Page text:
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    Pakistan's Main Port City Harboring Anti-India Jihadists

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    The report by International Crisis Group points at active collaboration between Pakistani security establishment and anti-India jihadist groups, a claim that New Delhi has long pursued at many international forums.

    New Delhi (Sputnik) — What may please New Delhi, the Brussels-based think-tank, International Crisis Group (ICG), has declared Karachi, the port city of Pakistan, a hub of anti-India jihadist groups and criminals. In its recently published report, the ICG says these anti-India jihadist groups and criminals more than often work at the behest of the Pakistani army, the country's most powerful and an alternate power center.

    The report comes at a time when Pakistan is facing a series of terror attacks, including the latest Islamic State suicide bombing at a Sufi shrine (Islamic mysticism) near Karachi, which has reportedly killed over 75 people.

    The ICG report says terrorist groups like Lashkar-e-Taiba, its parent organisation Jamaat-ud-Dawa, Maulana Masood Azhar led Jaish-e-Mohammad and anti-Shia group Lashkar-e-Jhangvi have "umbilical links with Karachi's large, well-resourced madrassas".

    It says Pakistan's most dangerous groups actively contest Karachi's turf and resources. These outfits operate madrassas (Islamic seminaries) and organize charity events or institutions to fund their operations with no hindrance from Pakistani law enforcement authorities.

    ICG's report titled "Pakistan: Stoking the fire in Karachi", talks about how ethnic, political and sectarian rivalries and a jihadist influx are turning the largest and wealthiest city of Pakistan, into a potential battleground. The report also says that many hardline sections of Pakistani security authorities and personnel purposefully avoid and leak information about official crackdown operations to these groups.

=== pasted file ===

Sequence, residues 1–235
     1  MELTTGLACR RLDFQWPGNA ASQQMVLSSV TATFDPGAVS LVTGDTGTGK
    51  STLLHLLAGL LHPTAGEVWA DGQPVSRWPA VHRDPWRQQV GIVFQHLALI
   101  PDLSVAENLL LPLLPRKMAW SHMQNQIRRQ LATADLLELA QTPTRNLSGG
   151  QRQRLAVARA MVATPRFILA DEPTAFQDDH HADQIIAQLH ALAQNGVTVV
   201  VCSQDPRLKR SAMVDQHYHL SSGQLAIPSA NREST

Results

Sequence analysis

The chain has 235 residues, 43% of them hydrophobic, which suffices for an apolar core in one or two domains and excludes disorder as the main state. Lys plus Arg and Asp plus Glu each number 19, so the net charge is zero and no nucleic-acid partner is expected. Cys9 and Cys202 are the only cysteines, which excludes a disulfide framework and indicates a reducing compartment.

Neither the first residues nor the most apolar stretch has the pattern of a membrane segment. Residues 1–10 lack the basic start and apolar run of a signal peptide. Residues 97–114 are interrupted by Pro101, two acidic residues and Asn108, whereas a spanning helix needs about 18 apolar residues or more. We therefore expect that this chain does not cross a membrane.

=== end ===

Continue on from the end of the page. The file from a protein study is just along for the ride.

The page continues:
Pakistan Rangers have spared many areas in Karachi and its outskirts of the city, known as the redoubts of "good" jihadists like LeT-JuD and Jaish-e-Mohammed.

    Quoting many elected representatives, senior officials, journalists, civil society activists and sources from the ground, the ICG report states that many jihadist masterminds who had fled Karachi by September 2013, anticipating the Rangers' operation, may have now returned emboldened by lack of action.

    The report will lend fresh round of support to India's allegations that Pakistan is harboring and nurturing terror organizations on its soils, including Azhar against whom New Delhi is seeking a US-backed UN sanction, which has been vetoed by Beijing repeatedly. The ban has become a major irritant in Sino-Indian ties as well along with India's attempt to get entry into the prestigious Nuclear Suppliers Group.


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